Artificial turf best for title games

By Larry Mahoney, BDN Staff
Posted Nov. 11, 2008, at 9:49 p.m.

With new CDs on the shelves from The Pretenders (Break up the Concrete), AC/DC (Black Ice), Foreigner (No End in Sight) and Squeeze (Five Live), life is good these days.

The Maine Principals’ Association does an exemplary job putting together its state championship events. It requires a lot of work from start to finish to organize and run these competitions.

One thing that will make the MPA’s job easier is switching the eight state championship soccer games to fields with artificial turf.

There aren’t that many fields with FieldTurf or a similar type of surface in the state yet. But there are enough of them to do so and they are located in every region of the state.

That will greatly reduce the amount of field maintenance and make for a much better product. It will also supply the players and fans with a better experience.

In November, you are dealing with a variety of weather issues that can completely turn what could be the highlight of many athletic careers into a nightmare on a natural-grass quagmire.

If there is a deep freeze the night before the game/games being played on natural grass, you can have a hard, slippery field players are going to have to negotiate.

Or, if the day warms up significantly, the frost melts and you have a wet field.

Then there is always the possibility of rain.

Wet or slippery surfaces are extremely frustrating and don’t allow talented teams to showcase their skills.

The other problem is that grass fields used in the state championship games have suffered considerable wear and tear over the course of the fall whether it be for just soccer or other sports.

You don’t want a state championship game decided by a goalie who slips and misplays a ball or by a defender who falls, allowing a game-winning breakaway.

And you don’t want somebody getting hurt by stepping in a hole on a grass field.

Last Saturday, four state title games were played at the Weatherbee School Athletic Complex in Hampden, which has FieldTurf.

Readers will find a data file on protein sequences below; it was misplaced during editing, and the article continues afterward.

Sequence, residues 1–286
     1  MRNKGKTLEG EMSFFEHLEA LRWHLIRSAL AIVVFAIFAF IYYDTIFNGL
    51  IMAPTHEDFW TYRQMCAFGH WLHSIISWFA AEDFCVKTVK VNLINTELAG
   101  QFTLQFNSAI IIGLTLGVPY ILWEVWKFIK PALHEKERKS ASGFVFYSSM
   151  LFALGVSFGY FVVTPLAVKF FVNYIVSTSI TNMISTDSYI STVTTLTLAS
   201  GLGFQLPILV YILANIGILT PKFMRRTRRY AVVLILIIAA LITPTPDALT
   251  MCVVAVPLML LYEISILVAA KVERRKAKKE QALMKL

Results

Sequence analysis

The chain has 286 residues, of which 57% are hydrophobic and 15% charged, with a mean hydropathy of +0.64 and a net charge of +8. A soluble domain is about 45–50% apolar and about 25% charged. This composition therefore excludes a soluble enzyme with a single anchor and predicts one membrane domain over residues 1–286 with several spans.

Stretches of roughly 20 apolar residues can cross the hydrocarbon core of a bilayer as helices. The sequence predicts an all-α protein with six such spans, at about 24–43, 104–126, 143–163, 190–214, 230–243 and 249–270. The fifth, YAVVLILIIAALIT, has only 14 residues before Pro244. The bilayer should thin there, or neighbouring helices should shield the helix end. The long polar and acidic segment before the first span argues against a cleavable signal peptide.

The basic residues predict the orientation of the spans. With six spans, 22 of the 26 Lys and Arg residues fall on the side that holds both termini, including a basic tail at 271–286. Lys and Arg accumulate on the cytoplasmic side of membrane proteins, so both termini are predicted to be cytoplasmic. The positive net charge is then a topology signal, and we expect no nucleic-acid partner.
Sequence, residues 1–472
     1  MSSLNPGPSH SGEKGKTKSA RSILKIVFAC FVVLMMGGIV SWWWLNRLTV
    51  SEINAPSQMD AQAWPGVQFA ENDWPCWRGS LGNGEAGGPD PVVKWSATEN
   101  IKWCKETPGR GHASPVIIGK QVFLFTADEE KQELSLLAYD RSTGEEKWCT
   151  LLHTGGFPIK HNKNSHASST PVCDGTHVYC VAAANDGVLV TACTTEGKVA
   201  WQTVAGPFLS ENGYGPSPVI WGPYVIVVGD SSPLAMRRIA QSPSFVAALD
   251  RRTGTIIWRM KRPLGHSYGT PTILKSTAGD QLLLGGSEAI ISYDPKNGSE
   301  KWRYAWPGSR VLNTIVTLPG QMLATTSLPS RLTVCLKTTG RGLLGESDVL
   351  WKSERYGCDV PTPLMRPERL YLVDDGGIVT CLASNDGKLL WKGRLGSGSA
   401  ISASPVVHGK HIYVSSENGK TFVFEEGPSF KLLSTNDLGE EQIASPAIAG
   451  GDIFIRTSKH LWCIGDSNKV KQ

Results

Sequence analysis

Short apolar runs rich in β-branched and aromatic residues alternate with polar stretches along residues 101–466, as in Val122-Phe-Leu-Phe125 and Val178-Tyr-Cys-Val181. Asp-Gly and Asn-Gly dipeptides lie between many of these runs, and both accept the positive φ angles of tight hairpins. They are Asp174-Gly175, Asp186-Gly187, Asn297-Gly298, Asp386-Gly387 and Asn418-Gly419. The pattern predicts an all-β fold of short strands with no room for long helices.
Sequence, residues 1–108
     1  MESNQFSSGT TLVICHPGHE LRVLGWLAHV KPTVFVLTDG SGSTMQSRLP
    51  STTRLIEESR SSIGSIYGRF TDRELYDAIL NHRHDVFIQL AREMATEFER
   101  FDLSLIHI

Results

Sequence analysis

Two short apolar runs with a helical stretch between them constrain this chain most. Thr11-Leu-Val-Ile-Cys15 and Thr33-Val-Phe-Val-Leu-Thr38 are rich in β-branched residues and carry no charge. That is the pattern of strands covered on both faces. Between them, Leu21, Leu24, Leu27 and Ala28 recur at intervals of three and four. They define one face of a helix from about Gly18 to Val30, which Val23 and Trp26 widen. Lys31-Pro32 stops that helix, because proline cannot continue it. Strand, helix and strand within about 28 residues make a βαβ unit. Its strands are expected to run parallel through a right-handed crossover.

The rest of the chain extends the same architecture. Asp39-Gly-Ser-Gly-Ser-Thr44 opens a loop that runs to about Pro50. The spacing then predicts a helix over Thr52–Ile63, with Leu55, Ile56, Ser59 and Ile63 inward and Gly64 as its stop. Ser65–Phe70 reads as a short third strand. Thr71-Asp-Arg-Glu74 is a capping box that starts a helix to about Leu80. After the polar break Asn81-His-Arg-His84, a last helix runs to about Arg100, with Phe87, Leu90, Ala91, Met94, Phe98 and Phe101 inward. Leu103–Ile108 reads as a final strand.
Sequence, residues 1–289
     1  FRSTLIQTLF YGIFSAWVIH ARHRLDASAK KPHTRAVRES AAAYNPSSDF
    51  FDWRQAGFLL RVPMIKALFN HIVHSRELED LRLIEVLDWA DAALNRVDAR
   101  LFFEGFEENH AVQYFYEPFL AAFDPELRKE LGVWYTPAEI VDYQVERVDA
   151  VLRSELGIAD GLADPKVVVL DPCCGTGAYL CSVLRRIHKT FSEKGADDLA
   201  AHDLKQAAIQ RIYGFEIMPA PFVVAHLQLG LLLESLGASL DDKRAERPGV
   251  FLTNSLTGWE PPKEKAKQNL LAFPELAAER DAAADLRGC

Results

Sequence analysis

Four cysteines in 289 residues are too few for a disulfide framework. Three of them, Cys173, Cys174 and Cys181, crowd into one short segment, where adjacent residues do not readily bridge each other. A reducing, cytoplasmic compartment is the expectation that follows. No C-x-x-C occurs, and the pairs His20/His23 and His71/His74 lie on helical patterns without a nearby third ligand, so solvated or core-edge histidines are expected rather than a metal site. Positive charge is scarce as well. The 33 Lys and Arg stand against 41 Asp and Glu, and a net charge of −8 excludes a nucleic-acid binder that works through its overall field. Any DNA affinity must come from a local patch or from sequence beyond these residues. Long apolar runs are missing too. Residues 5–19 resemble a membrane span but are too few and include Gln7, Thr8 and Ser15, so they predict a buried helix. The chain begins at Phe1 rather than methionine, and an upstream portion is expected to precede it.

The other four games were played on grass fields.

There will be those who will argue that teams who play on artificial surfaces will have an advantage over teams who don’t. That’s a legitimate beef.

Then there’s the matter of securing enough sites to hold eight state title games.

But, it’s still well worth it.

Football’s three state championship games are held on the artificial surface at Fitzpatrick Stadium in Portland. Field hockey had also been held there but was held on the FieldTurf in Hampden late last month.

Now all we need is artificial turf for runners in the state cross country meets!

Another thought: If I were an ice hockey penalty-killer, I would use a stick that isn’t quite as curved as my normal stick on the penalty kill so I could give myself a better opportunity to clear the puck on my backhand.

How many times have you seen a penalty-killer trying to lift a puck out of the defensive zone on the backhand only to roll it weakly to the point where it is intercepted and kept in the zone?

It’s nice to have a healthy curve on the forehand for shooting the puck and scoring goals, but when you’re killing penalties, your job is to prevent goals.

Once upon a time, hockey players used to use straight sticks. And, believe it or not, goalies played without masks.

http://bangordailynews.com/2008/11/11/sports/larry-mahoney/artificial-turf-best-for-title-games/ printed on April 18, 2014